#FWBL Fails to be “Friends”

Cheaply trying to knock-off of the 90s fan-favorite sitcom Friends, the new show Friends With Better Lives weakly attempts to be THE show that everyone is talking about. This new sitcom was being considered as the replacement for the How I Met Your Mother’s time slot until an astonishing 31% drop in viewership after only one episode convinced CBS executives otherwise.

The central characters in the show are boring, offering little excitement to the show’s already doomed future. The predictability of the conflicts the show centers on – fear of being single in the city, complications with dating, and marriage – only makes it less enticing. Although the producer of Friends is on staff for this show and the cast list boasts some big names, it’s future is looking pretty grim. While it would be hard for anything to fully match up to the popularity of the series finale of How I Met Your Mother, this certainly will not even come close.

Social media is a huge factor in determining shows’ popularity, and CBS rolled out a massive social media push for the show’s premiere. The show had a #FWBL live tweet event, trying to start a social media trend and drive excitement and engagement. While simply typing #FWBL into the Twitter search bar yields results, a vast majority of those tweets are from cast members, @fwblcbs, the main CBS twitter handle, or entertainment magazines. (@Vanderjames – cast member – even tweeted a picture of the cast live-tweeting during the show!)

While cast members of NBC’s Scandal live-tweet during episodes, they are published more candidly while this type of social media promotion feels forced and unnatural. Fan engagement on Twitter is low, and Twitter is the most popular platform for social TV discussions.

Where does this leave the future of Friends with Better Lives? It doesn’t really look like it’s headed anywhere, but only time will tell if this show can match the pre-premier buzz executives were looking to create.

TV + Live Music = Heightened Social Experience

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Live music broadcasts on television are experiencing a serious comeback, with viewers and sponsors eager to tap into the action. In the past decade, popularity of such broadcasts was declining, especially among young viewers. Recently however, live music events have pulled in massive live, at home, and digital audiences. Some recent examples of such broadcasts that have influenced conversations on social platforms include the Grammy Awards and the Beatles 50th Anniversary.
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This year, the Grammy Awards was viewed by over 28 million people, one of the best showings in decades. The Grammy’s is the second most viewed of award shows, next to The Oscars, and garnered over 34 million social media interactions, a record setting accomplishment in the 2013-2014 season social events, according to SocialGuide.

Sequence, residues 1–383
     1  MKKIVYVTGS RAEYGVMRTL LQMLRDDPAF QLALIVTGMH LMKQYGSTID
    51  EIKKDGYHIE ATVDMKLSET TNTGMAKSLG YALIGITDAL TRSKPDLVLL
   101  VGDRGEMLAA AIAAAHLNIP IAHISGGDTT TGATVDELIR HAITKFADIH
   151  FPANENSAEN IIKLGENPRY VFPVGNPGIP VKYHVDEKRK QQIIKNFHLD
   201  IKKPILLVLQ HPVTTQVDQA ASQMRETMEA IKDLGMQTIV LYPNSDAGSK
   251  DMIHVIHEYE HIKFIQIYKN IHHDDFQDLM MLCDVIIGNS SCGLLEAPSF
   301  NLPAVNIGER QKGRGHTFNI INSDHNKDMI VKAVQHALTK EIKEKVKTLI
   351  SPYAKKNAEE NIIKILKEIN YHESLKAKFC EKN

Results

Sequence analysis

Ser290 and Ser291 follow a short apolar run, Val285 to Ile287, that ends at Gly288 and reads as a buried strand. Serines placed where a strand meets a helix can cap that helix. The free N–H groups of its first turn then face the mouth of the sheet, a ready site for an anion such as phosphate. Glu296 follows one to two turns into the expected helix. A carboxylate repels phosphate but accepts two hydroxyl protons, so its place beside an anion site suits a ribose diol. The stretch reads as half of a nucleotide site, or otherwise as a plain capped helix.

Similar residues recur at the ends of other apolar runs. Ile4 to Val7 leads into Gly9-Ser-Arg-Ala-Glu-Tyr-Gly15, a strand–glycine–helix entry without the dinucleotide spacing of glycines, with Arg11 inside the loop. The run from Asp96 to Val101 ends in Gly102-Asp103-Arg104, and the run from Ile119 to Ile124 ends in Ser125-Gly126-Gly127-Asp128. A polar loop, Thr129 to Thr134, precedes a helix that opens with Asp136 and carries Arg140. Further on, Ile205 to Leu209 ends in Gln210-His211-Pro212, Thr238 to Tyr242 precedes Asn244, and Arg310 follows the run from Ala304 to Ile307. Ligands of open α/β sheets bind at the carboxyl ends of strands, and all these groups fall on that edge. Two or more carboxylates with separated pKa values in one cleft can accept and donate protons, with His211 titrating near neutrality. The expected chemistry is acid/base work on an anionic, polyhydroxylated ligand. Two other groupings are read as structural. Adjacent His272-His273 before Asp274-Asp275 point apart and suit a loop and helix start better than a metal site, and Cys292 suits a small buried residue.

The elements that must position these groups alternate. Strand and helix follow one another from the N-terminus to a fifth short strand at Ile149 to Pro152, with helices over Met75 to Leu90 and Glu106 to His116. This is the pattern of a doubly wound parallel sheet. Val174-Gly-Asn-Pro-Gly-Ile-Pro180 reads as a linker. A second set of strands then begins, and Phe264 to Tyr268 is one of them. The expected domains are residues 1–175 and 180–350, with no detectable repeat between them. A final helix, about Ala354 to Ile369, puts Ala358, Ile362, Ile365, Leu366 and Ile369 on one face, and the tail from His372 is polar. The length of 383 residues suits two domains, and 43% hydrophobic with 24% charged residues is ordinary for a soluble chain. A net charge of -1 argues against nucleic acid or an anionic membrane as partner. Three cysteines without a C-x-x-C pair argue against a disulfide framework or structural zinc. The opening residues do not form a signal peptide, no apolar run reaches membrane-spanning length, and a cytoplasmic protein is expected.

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“The Beatles: The Night That Changed America- A GRAMMY Salute” celebrated the 50th anniversary of The Beatles’ performance on The Ed Sullivan Show. The performance by Paul McCartney and Ringo Starr was legendary and was accompanied by guest performances and presentations by Maroon 5, Alicia Keys and John Legend, David Letterman, Brad Paisley and Pharrell Williams, and Stevie Wonder (among others) making it a live music event that will go down in history. The broadcast created a lot of chatter on social media, especially on Twitter, with performers sharing sneak peaks and audience members anticipating and applauding the show.

The buzz around live music airings has established these shows as prime air time for sponsors and advertisers, who are willing to allocate large portions of their budgets to these broadcasts because of the escalated live viewer engagement — CBS charged advertisers as much as $1 million for a 30-second spot during the Grammys. Music is the most-discussed topic on Twitter in America, and advertisers are aware that leveraging these audiences has the potential to receive unparalleled reach.

Brands are eager to cash in on live music experiences, as research has found that live music audiences are more receptive of advertisements and sponsors than audiences at sporting events, charity events, and art exhibitions. This broadcast genre has infinite capacity, as there is always audience appetite, and hence social engagement.

“The nature of live television and those types of events, it’s the time, it’s the moments that people don’t want to miss,” notes SocialGuide. “That’s the beauty of social … [it] allows you to engage in real time and share that excitement with that larger audience. It’s in the moment, the ability to share in the moment. You know, once the awards are announced, the awards are announced.”

For more information on other live TV music broadcasts and their influence on social platforms, check out Gabirel Beltrone’s piece in AdWeek.